Giant Airships Could Make Cargo Planes Obsolete
As traditional planes become more expensive and more harmful to the environment, airships may be the future.
Despite their popularity in science fiction, airships have never really caught on. That's a shame—it's hard to deny the appeal from a pure aesthetics perspective of traveling through the air in a massive airship. (There's a reason this concept comes up so often in such a diverse subsection of sci-fi storytelling.)
While the future of hoverboards is looking rocky at best, one company is banking heavily on real-life airships becoming a common sight in the next few years. Engineering company Hybrid Air Vehicles has created the Airlander, an advanced form of the classic airship, that the company believes will become a preferred method of cargo transport over the next 10 years.
While fully accepting that the demand for such a craft isn't there just yet, HAV head of partnerships Chris Daniels insists that before long, the benefits of this hitherto unpopular transport will convince hauliers to think twice about airships.
According to Daniels:
While airship technology has existed for a long time, it's not exactly been something that shipping companies have been interested in investing in up to this point. Traditionally, the big challenge for proponents of the airship has been convincing people that these things are actually safe—the Hindenburg casts a very long shadow.
That said, airship technology has come a long way in the past century, and it's likely to advance even faster over the coming few years.
The modern incarnation of the humble zeppelin boasts a lot of safety features that naturally weren't in existence the last time that humanity relied on these crafts en masse.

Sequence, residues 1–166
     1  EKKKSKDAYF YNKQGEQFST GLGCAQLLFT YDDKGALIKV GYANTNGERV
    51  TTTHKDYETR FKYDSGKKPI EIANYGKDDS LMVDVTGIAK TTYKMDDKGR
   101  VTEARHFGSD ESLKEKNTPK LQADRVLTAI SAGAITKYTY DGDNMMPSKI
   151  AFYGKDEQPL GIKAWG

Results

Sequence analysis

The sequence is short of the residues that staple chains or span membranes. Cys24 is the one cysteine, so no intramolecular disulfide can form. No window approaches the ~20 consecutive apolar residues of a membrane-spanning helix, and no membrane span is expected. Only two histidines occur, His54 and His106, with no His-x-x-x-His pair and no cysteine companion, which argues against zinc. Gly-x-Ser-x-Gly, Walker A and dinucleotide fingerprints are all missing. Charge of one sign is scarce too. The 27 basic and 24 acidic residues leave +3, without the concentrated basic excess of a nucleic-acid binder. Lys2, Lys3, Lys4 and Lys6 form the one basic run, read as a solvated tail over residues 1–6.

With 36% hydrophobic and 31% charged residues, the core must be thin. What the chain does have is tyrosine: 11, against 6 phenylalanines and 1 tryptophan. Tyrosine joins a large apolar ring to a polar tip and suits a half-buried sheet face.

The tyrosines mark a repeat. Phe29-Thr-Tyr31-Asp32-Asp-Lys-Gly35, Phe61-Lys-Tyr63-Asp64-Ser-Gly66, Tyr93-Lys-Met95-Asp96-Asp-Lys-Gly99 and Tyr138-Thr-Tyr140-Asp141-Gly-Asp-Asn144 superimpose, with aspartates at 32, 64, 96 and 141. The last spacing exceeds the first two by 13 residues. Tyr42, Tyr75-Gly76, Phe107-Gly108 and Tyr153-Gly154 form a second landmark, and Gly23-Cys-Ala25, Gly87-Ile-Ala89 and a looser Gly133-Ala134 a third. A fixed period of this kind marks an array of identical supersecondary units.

Where airships like the Airlander really triumph, though, is their ability to cross all forms of terrain effortlessly, without the need for a dedicated runway that would be required for a cargo plane.
This may make airships significantly more useful for reaching remote parts of the world that aren't currently as connected to the global community as they could be.
The University of Manitoba's Barry E. Prentice notes the relative ease with which an airship can get to its destination, when compared with other forms of transport:
This certainly does make the case for airships in remote parts of the world, but are these things ever going to catch on as a replacement for airplanes in more urban areas? Possibly.
After all, compared with planes, airships are significantly more environmentally friendly, and they're far more cost efficient.
This is going to be more of a concern as global economies begin to more heavily tax carbon emissions—airplanes are pretty terrible for the planet.
If airships take off as a means of cargo transport, it may not be long before they're used as people movers as well.
And if that happens, the days of passengers being tightly packed into cheap seats in a flying metal tin might come to an end. Airships have one distinct advantage over airplanes: legroom. That's the only sales pitch we need.